02:58

                from Landon Wanderer Added 14 0 0

                Lloyd gives his take on the state of the world. More info here: http://www.indiegogo.com/Before-the-World-Goes-BOOM?a=158998&i=addr

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                • Occupy Economics

                  03:16

                  from Softbox Added 95.9K 283 12

                  On November 13th 2011, economists from the University of Massachusetts Amherst drafted an open statement to the Occupy Wall Street movement pledging their support. Since then, more than 400 economists from around the world have added their names. Read more at econ4.org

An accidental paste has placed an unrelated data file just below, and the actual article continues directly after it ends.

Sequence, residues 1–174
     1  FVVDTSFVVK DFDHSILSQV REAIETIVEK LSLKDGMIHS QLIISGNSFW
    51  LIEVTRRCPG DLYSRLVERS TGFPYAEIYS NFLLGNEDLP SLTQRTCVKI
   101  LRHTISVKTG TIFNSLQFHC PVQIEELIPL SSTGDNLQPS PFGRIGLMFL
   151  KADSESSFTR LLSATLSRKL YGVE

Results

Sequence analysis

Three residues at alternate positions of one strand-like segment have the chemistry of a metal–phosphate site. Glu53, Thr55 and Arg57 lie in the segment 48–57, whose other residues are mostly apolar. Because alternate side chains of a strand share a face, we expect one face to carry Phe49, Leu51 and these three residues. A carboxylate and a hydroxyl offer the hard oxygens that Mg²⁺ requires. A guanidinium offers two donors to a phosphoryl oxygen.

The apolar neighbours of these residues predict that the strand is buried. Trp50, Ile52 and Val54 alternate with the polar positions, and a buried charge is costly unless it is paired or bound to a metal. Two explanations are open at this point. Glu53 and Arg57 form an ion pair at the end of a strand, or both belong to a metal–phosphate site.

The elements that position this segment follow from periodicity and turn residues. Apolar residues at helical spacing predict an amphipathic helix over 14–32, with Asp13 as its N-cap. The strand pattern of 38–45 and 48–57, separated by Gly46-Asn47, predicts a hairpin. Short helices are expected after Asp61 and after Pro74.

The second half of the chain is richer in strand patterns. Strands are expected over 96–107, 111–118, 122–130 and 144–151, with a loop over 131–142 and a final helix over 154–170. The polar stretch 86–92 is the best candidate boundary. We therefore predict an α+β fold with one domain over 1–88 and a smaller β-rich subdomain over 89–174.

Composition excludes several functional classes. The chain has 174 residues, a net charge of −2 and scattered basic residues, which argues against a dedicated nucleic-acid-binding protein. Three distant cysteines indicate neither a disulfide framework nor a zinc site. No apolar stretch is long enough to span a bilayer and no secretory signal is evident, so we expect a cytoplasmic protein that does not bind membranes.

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                  • Sports Economics

                    06:37

                    from WGBY Added 46 0 0

                    Smith College Professor of Economics Andrew Zimbalist will discuss the labor issues in sports in general (i.e.: NBA lockout, NFL pre-season getting a late start and recent MLB and NHL collective bargaining) and what relation it has to the current U.S. culture and economy.

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                    • Acts 050c - Property, Tithing, and Taxes

                      01:04:29

                      from Dean Bible Ministries Added 64 1 0

                      Property, Tithing, and Taxes. Acts 4:32-5:16, Genesis 2. November 22, 2011. www.deanbible.org